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I know that there is an easy way to do this - but it has beaten me tonight ...

I want to know if two events occur within 300 milliseconds of each other, as in a double click.

Two leftdown mouse clicks in 300 milliseconds - I know this is what the reactive framework was built for - but damn if I can find a good doc that has simple examples for all the extenstion operatores - Throttle, BufferWithCount, BufferWithTime - all of which just werent' doing it for me....

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2 Answers 2

up vote 8 down vote accepted

The TimeInterval method will give you the time between values.

public static IObservable<Unit> DoubleClicks<TSource>(
    this IObservable<TSource> source, TimeSpan doubleClickSpeed, IScheduler scheduler)
{
    return source
        .TimeInterval(scheduler)
        .Skip(1)
        .Where(interval => interval.Interval <= doubleClickSpeed)
        .RemoveTimeInterval();
}

If you want to be sure that triple clicks don't trigger values, you could just use Repeat on a hot observable (I've used a FastSubject here as the clicks will all come on one thread and therefore don't require the heaviness of the normal Subjects):

public static IObservable<TSource> DoubleClicks<TSource>(
    this IObservable<TSource> source, TimeSpan doubleClickSpeed, IScheduler scheduler)
{
    return source.Multicast<TSource, TSource, TSource>(
        () => new FastSubject<TSource>(), // events won't be multithreaded
        values =>
        {
            return values
                .TimeInterval(scheduler)
                .Skip(1)
                .Where(interval => interval.Interval <= doubleClickSpeed)
                .RemoveTimeInterval()
                .Take(1)
                .Repeat();
        });
}
share|improve this answer
    
Thanks very much, I learned a lot from what I thought would have been a very easy exersize. Where is there complete documentation on all these various extensions??? How did you learn them? My only question is in regard to the Repeat, as I'm confused as to just when a observer goes out of scope (shy not UnSubscribe)? If I subscribe in the constructor of my class how is the scope established? I know that OnComplete calls the dispose, but when is listening to events actually complete? –  codputer Mar 8 '11 at 15:59
    
When would you use Zip? –  codputer Mar 8 '11 at 15:59
    
@codputer - Most of my knowledge comes from the fact that I wrote unit tests against each operator while I was porting the framework to actionscript. I've since documented most of the operators, although they're a tad out of date now (and I know the Throttle documentation is wrong) - github.com/richardszalay/rxas/wiki/Operators –  Richard Szalay Mar 8 '11 at 20:37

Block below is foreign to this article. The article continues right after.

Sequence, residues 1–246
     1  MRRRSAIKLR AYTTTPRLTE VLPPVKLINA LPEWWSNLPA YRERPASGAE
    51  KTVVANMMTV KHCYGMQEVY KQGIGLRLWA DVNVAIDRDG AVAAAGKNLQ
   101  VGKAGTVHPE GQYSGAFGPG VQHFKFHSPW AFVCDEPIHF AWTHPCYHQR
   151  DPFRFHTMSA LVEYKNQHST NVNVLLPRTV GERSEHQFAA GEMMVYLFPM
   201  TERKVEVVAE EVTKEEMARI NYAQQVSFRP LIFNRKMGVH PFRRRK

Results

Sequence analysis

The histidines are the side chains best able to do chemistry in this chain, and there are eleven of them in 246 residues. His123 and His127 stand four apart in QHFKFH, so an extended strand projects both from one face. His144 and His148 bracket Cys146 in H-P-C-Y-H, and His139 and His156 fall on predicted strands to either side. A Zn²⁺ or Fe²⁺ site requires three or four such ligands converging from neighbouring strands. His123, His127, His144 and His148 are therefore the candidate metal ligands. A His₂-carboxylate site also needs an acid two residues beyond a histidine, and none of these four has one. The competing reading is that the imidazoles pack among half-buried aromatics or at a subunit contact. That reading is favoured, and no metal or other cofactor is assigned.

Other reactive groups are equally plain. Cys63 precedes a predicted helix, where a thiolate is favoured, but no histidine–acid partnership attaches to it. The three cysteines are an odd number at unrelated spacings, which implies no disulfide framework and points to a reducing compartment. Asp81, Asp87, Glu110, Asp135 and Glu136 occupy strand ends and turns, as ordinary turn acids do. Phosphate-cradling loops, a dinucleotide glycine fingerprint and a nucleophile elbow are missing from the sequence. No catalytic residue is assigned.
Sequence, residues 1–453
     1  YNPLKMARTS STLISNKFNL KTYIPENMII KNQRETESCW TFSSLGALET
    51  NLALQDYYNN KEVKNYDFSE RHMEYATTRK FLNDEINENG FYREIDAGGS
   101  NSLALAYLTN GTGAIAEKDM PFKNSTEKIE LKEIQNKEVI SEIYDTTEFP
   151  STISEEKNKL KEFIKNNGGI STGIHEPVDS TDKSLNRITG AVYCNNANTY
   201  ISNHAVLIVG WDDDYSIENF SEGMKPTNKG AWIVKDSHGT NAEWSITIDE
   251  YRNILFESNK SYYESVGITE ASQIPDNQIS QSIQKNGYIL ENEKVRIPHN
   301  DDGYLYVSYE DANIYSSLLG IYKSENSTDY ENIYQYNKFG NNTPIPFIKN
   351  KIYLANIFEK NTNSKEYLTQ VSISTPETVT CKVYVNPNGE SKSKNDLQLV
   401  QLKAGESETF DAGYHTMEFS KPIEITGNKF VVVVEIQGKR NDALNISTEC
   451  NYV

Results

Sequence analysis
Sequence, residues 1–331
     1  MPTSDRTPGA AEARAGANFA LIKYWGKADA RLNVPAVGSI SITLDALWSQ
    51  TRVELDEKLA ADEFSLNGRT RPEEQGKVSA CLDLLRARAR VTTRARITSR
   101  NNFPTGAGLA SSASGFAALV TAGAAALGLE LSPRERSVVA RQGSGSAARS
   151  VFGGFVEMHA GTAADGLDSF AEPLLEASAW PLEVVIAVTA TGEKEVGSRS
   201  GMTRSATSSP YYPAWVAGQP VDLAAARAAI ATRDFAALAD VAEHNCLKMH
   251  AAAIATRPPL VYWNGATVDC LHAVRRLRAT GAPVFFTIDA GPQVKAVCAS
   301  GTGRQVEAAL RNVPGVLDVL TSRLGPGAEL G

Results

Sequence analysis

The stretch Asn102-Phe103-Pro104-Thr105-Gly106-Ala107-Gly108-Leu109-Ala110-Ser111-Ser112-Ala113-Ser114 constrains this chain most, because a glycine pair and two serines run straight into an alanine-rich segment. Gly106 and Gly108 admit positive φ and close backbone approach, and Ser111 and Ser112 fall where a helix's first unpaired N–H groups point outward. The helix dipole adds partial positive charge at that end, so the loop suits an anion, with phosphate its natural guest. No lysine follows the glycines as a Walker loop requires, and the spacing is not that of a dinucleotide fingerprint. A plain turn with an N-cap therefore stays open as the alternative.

@codputer - The observer will never go out of scope unless the control in question goes out of scope until the control does (because subscribing to a control's event ties the observer to the control in the object graph). The event subscription won't be removed until you dispose the subscription. Alternatively, you could have it unsubscribe automatically by using TakeUntil or some other operator that terminates a subscription. –  Richard Szalay Mar 8 '11 at 20:42
    
@codputer - You would use Zip when you want to pair up values from two streams in the order that they arrived. Scott's example was using it to combine a Timestampd stream with itself (skipping the first value of one) in order to select out the difference between the two time values. It simply wasn't necessary for this scenario as there is a built in TimeInterval operator. –  Richard Szalay Mar 8 '11 at 20:44

Edit - Use TimeInterval() instead.

The Zip() and Timestamp() operators might be a good start.

var ioClicks = Observable.FromEvent<MouseButtonEventHandler, RoutedEventArgs>(
                                        h => new MouseButtonEventHandler(h),
                                        h => btn.MouseLeftButtonDown += h,
                                        h => btn.MouseLeftButtonDown -= h);
var ioTSClicks = ioClicks.Timestamp();

var iodblClicks = ioTSClicks.Zip(ioTSClicks.Skip(1), 
                                 (r, l) => l.Timestamp - r.Timestamp)
                            .Where(tspan => tspan.TotalMilliseconds < 300);

Probably best to test this via the test scheduler, so you know exactly what you're getting:

[Fact]
public void DblClick()
{
    // setup
    var ioClicks = _scheduler.CreateHotObservable(
                     OnNext(210, "click"),
                     OnNext(220, "click"),
                     OnNext(300, "click"),
                     OnNext(365, "click"))
                     .Timestamp(_scheduler);

    // act
    Func<IObservable<TimeSpan>> target = 
        () => ioClicks.Zip(ioClicks.Skip(1), 
                          (r, l) => l.Timestamp - r.Timestamp)
                        .Where(tspan => tspan.Ticks < 30);
    var actuals = _scheduler.Run(target);

    // assert
    Assert.Equal(actuals.Count(), 1);
    // + more
}
public static Recorded<Notification<T>> OnNext<T>(long ticks, T value)
{
    return new Recorded<Notification<T>>(
        ticks, 
        new Notification<T>.OnNext(value));
}
share|improve this answer
    
Thanks as well - I was close to calling yours the answer, but thought that the FastSubject was interesting to ensure the events all came on the same thread. Did +1 it though! I'm curious as to where you learned about the Reactive Framework, and your source of documentation for all the various extensions. –  codputer Mar 8 '11 at 16:01
    
@codputer - I think you misunderstand. My sample uses FastSubject because no thread handling is required (ie. mouse clicks always come from the UI thread). It's the normal Subject implementations that protect against values coming in from multiple threads. –  Richard Szalay Mar 8 '11 at 20:35

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